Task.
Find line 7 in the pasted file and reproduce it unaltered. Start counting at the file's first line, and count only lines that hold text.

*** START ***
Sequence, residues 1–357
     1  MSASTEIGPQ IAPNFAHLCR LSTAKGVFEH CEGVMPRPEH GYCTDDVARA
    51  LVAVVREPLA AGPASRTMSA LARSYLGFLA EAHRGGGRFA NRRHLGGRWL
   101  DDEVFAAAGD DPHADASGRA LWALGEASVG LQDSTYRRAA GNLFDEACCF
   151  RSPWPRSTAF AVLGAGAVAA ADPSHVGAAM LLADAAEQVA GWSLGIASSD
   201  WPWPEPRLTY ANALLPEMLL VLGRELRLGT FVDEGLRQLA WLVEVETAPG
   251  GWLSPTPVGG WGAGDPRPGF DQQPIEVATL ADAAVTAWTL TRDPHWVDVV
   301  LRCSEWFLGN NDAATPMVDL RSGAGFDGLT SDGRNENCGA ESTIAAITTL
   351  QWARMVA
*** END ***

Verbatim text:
   251  GWLSPTPVGG WGAGDPRPGF DQQPIEVATL ADAAVTAWTL TRDPHWVDVV